Breaking down Budget 2017
16 March 2017

Budget 2017 saw the Singapore government shift even more focus to digitalisation, as well as overseas expansion. Described by Deloitte Singapore as a “clear shift towards targeted measures”i, we break down Budget 2017 and reflect on how the changes could impact your business:



Finance Minister Heng Swee Keat introduced the SMEs Go Digital Programme, to help SMEs cope with the growing need for digital solutions in cybersecurity, data analysis and more. With this programme, businesses can look forward to in-person advice at SME Centres and a new SME Technology Hub. Although more details are set to be released this month, experts are already viewing it as a necessity. PwC’s Sunil Agarwal believes that:

“'Go Digital' initiatives must be enforced not only by SMEs but by all businesses across sectors. Singapore needs to be two steps ahead if it wants to position itself as the Digital Hub for the region.” ii

As Mr Heng notes, “digital technology can significantly improve productivity”, especially in the retail, F&B, trade, logistics, cleaning and security sectors. SMEs can get a headstart at digitalisation with their own e-commerce shop. This raises brand visibility and boosts SEO rankings

Labour Cost Offsets


The Foreign Worker Levy (FWL) increase in the Marine and Process sectors have been deferred for one more year, indicating that there is no change in foreign worker levy till 30 June 2018.


Eligible firms can also expect the payout from the Wage Credit Scheme (WCS) this month. The WCS is where the government co-funds 40% of wage hikes to help SMBs cope with rising wages.


Additionally, the Additional Special Employment Credit (which offset wages of up to 3% for workers who earn under $4,000 per month and who are not covered by the new re-employment age of 67 years) will be extended till end-2019. 

Going International


Given that SMEs overseas’ export generate the highest average annual exporting per-company, it’s no surprise that the government has rolled out measures to aid further overseas expansion.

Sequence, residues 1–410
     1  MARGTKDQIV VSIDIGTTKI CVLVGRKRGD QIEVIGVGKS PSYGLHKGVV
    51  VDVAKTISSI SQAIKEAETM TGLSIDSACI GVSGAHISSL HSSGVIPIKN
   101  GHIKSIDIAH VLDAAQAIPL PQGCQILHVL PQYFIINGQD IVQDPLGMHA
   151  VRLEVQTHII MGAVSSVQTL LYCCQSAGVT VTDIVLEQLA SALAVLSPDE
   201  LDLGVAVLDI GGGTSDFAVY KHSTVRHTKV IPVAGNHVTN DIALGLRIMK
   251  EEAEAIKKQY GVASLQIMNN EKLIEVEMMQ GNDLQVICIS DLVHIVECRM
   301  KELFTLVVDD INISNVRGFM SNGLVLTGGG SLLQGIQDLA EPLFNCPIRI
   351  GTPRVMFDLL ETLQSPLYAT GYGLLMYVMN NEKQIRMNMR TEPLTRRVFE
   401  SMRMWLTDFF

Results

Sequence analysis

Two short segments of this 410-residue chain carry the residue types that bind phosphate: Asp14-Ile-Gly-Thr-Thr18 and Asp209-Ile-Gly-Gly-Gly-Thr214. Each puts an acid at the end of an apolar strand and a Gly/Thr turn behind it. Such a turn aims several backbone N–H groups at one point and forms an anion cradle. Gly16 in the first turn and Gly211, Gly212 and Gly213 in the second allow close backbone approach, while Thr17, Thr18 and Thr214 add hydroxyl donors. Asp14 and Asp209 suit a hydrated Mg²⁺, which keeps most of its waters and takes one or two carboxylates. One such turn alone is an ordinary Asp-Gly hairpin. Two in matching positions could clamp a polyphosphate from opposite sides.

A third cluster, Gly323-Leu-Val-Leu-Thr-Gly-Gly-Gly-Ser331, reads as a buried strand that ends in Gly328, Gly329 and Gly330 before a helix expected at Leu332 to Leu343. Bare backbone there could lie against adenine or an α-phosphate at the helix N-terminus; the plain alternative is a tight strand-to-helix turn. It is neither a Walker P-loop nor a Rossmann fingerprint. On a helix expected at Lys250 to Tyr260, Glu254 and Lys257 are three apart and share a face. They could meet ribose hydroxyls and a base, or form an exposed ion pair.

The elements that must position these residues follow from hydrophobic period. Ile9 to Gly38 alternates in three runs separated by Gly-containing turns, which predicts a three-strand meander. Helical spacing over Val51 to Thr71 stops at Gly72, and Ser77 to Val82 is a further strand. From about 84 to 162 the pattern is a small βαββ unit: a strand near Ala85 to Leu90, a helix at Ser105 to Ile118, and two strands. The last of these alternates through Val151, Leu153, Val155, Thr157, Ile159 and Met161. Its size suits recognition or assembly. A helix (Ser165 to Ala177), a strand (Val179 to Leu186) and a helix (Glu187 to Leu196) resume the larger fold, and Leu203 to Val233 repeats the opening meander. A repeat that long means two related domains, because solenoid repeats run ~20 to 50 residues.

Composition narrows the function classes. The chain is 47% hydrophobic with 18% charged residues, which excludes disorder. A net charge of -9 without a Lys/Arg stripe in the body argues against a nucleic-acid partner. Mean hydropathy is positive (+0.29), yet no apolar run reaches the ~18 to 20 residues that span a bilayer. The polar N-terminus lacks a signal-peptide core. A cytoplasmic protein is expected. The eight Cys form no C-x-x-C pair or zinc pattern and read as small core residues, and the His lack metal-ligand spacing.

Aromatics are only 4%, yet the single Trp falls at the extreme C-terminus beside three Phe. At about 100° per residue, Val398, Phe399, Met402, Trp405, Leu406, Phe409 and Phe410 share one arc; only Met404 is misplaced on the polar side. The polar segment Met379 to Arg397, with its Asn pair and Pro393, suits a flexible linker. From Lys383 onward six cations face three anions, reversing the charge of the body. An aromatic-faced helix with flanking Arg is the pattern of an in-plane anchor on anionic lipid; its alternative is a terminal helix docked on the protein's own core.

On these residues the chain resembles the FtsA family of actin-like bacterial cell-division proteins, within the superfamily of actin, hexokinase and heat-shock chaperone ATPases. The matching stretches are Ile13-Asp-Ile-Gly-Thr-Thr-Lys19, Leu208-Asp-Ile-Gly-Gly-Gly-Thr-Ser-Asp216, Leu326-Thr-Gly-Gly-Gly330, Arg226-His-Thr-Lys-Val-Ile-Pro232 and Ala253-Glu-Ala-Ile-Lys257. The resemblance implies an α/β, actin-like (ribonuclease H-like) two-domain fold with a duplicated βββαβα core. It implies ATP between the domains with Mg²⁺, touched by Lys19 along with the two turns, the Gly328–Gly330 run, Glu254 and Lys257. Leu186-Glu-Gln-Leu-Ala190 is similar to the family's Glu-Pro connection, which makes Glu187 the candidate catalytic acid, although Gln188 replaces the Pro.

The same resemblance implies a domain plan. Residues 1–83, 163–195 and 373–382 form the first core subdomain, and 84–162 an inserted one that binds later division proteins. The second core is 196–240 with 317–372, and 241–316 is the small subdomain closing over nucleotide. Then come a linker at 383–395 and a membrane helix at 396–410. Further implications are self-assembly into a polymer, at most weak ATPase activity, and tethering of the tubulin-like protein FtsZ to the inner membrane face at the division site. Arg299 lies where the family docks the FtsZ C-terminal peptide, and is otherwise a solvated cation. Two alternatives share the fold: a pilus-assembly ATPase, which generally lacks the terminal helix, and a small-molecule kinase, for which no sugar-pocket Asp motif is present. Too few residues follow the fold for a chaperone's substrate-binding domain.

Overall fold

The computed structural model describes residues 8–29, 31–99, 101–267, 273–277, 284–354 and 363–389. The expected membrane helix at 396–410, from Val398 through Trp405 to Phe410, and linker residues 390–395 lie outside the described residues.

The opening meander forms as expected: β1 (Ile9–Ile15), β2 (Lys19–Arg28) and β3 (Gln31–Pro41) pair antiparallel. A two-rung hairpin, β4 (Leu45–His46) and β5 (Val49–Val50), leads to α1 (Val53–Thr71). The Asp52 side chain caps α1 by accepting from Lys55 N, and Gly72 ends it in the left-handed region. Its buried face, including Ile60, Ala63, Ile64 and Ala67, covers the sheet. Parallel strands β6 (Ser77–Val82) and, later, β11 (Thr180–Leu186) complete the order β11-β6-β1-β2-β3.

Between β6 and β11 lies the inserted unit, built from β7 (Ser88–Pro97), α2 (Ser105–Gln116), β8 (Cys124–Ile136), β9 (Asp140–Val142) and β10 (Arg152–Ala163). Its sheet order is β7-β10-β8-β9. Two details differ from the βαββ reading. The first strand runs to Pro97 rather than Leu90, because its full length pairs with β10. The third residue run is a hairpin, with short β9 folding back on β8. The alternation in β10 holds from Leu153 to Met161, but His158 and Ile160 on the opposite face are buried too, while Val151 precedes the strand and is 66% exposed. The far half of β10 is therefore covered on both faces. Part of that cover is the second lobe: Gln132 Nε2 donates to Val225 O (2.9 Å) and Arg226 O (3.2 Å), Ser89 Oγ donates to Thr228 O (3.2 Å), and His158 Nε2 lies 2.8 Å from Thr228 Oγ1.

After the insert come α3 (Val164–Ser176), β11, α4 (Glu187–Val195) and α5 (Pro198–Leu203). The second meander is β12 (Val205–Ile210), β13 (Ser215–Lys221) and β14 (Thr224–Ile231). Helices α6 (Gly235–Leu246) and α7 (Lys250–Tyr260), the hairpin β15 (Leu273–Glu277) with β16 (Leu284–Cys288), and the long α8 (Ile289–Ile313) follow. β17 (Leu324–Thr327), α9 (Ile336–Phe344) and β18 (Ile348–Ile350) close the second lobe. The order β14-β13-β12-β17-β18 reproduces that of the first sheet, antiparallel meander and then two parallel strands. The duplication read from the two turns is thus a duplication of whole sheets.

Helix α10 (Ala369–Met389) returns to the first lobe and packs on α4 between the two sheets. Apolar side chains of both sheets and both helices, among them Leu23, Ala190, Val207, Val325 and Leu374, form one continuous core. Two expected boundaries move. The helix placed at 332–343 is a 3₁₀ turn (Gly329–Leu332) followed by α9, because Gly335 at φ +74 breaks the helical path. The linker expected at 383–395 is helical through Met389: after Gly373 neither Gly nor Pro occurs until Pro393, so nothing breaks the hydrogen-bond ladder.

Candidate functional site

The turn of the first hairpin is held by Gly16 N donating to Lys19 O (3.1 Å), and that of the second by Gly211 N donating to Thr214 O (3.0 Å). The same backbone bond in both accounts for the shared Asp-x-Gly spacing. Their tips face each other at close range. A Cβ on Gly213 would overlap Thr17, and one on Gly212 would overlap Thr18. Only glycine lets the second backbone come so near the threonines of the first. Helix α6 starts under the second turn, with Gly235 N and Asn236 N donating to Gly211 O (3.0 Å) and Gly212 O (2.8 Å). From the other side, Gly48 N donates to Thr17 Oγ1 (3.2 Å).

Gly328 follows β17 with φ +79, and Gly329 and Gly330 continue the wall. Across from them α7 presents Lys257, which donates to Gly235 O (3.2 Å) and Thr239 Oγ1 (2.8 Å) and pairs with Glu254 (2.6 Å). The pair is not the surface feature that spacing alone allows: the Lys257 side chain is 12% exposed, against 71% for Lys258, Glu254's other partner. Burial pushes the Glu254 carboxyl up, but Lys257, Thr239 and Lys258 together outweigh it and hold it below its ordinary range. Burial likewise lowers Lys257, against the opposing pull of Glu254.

Currently, local SMEs rack in an average revenue of US$2.21 million from exports, higher than the global average of US$1.5 million. iii

To encourage more growth, the Government will be introducing a smart financing ecosystem termed the International Partnership Fund. Through this fund the government will co-invest in Singapore-based firms to help companies scale-up and internationalise.

Working Capital and Cashflow


The SME Working Capital Loan, where the government provides 50% of loan default risks, will continue to be available for next two years.


SMEs will be glad to know the Corporate Income Tax (CIT) Rebate has been increased from $20,000 to $25,000 for YA2017. The CIT will also be applicable for YA2018, albeit at a reduced rate of 20% of tax payable.


You can also free up your cashflow by making the switch from Capex to Opex.

Where Budget 2016 sought to stimulate innovation with measures like the Jurong Innovation District, this year’s budget goes one step further, zoning in on innovation through technology. Although this focus on SME digitalisation and internationalisation is a step in the right direction, the new measures are better suited for larger SMEs, who can afford to expand overseas and adopt new technology.


SCCCI President Thomas Chua notes that SMEs “who are facing challenges are disappointed that there are not enough near-term measures to help them. Businesses are concerned with the impact on their business costs, especially with the immediate increase of diesel tax, and soon water price."iv For these smaller SMEs and startups, the priority remains choosing the right technology partners to overcome challenges in a cost-effective yet efficient way.


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